The result of this childhood training is that while I love the look of well-nourished leather and feel distressed when I see it starving to death, I hate polishing my shoes.
Sometimes, if the sun is shining and I'm in the right mood, I'll line up all my non-suede footwear on the outside table, don latex gloves and set to work. But I'd really much rather perch on a high chair at a street corner, as I did in Buenos Aires, and have someone else do them for me.
Don't misunderstand me - I'm well aware this kind of low-overhead entrepreneurism is indicative of under-employment, makes at best only a marginal living, and isn't any kind of a career. But I do think there's a niche for a smart young person to set up a stall on, say, Lambton Quay. There'd be no shortage of customers and I reckon it would make more money than playing the guitar badly before an upturned hat.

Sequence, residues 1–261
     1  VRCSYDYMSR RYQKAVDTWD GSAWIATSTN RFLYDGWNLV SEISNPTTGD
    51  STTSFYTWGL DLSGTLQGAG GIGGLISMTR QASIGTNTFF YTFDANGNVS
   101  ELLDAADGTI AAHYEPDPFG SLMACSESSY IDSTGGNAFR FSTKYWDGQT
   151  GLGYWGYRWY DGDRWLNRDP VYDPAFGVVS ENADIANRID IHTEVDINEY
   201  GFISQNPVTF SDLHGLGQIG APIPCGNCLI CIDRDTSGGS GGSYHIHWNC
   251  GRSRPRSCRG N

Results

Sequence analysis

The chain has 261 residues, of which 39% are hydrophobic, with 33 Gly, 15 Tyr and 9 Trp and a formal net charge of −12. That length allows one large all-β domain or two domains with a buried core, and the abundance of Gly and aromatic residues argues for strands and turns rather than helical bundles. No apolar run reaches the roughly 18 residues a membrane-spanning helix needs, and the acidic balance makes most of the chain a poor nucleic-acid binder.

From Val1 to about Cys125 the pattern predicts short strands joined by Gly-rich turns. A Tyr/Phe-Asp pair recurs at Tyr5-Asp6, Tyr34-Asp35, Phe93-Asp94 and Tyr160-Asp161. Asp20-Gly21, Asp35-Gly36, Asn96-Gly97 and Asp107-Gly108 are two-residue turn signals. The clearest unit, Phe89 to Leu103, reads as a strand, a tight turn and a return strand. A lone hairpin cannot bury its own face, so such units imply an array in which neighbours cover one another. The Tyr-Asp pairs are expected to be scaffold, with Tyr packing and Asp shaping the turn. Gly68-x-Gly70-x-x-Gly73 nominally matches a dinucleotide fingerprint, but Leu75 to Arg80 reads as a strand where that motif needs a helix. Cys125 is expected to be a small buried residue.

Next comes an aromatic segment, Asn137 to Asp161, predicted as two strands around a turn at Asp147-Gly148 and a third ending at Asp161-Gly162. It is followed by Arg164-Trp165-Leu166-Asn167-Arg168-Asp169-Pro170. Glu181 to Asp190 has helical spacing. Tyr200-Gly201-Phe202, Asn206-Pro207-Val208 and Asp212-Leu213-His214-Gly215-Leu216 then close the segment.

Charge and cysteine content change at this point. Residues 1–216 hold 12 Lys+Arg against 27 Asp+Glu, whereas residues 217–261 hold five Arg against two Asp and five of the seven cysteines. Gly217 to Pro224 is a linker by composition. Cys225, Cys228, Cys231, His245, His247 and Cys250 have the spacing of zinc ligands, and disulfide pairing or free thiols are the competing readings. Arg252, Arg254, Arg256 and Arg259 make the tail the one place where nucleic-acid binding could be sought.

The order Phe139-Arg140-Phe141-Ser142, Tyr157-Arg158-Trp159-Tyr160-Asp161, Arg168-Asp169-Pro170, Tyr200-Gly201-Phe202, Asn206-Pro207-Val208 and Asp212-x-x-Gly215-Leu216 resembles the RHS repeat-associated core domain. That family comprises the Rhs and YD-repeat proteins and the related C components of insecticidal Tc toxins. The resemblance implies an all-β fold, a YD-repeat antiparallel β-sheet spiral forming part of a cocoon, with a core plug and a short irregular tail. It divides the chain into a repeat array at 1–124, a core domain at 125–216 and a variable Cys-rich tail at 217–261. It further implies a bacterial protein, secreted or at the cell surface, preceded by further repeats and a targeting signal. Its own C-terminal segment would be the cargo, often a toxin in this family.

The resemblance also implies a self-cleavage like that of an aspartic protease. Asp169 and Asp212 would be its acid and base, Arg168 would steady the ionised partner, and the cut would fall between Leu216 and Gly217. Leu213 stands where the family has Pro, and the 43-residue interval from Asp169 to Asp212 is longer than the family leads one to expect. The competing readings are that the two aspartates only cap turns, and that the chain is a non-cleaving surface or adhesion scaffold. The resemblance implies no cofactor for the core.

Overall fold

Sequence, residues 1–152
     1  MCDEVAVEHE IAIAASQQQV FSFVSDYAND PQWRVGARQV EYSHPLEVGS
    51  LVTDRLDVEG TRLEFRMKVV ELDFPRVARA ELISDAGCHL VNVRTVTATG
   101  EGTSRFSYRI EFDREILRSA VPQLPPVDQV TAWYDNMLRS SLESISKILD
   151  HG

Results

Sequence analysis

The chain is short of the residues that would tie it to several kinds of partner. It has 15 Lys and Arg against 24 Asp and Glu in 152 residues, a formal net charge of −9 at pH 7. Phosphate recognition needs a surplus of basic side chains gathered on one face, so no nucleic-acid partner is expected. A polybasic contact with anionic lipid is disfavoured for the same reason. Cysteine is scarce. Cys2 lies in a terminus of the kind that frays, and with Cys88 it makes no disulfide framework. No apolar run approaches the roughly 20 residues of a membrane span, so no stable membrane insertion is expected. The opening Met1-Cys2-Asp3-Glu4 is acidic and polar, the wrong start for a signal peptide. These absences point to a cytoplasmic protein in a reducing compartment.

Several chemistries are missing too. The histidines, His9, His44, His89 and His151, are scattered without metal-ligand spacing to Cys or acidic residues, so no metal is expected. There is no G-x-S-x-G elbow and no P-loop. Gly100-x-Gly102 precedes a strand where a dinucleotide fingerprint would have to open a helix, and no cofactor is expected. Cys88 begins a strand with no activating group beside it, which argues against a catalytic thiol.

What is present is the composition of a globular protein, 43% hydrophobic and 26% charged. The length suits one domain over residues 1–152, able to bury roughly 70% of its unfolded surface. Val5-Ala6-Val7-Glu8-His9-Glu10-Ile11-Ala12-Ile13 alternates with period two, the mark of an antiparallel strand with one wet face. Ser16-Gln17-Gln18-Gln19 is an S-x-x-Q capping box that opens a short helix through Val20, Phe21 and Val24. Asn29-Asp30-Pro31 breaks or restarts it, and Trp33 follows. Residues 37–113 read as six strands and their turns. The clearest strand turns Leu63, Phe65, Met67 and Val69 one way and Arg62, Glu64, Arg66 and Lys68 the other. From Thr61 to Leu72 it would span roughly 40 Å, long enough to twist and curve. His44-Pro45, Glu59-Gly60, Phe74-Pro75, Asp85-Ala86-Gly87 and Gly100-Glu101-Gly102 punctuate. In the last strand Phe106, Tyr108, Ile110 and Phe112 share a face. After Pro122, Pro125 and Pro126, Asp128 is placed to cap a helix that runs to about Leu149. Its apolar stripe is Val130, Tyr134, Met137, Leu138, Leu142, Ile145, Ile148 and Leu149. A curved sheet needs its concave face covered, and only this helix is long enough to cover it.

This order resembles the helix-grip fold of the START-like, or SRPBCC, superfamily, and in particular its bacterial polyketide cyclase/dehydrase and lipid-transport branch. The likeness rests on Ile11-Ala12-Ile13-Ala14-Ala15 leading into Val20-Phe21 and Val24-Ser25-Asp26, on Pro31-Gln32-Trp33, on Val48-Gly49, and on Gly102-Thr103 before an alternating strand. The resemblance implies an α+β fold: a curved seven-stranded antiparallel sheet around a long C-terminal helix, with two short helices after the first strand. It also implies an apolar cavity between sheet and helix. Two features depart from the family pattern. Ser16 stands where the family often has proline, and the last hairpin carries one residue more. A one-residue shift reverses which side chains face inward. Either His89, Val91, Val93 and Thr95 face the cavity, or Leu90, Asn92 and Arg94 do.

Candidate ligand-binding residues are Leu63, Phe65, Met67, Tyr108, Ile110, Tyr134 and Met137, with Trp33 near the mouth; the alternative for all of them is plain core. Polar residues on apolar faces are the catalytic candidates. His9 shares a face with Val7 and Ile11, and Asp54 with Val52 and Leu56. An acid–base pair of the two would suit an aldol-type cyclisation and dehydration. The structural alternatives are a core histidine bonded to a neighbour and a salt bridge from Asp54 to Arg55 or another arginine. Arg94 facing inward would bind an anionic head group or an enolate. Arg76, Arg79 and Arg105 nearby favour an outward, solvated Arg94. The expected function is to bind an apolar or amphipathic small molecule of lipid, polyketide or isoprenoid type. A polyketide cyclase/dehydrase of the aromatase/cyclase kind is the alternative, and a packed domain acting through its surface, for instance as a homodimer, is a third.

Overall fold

|Street-corner shoeshine stall, Buenos Aires|
The owner of this stall was stationed outside a bank where the ATMs were out of commission, and he had taken it upon himself to explain this to every frustrated user. Meanwhile, he polished my old boots to a startling shine. The pictures of Jesus and, I assumed, his mother and children were splattered with blacking, but every day he must prop them up there amidst the tins, clothes and brushes. Perhaps to remind him why he works so diligently for so little reward.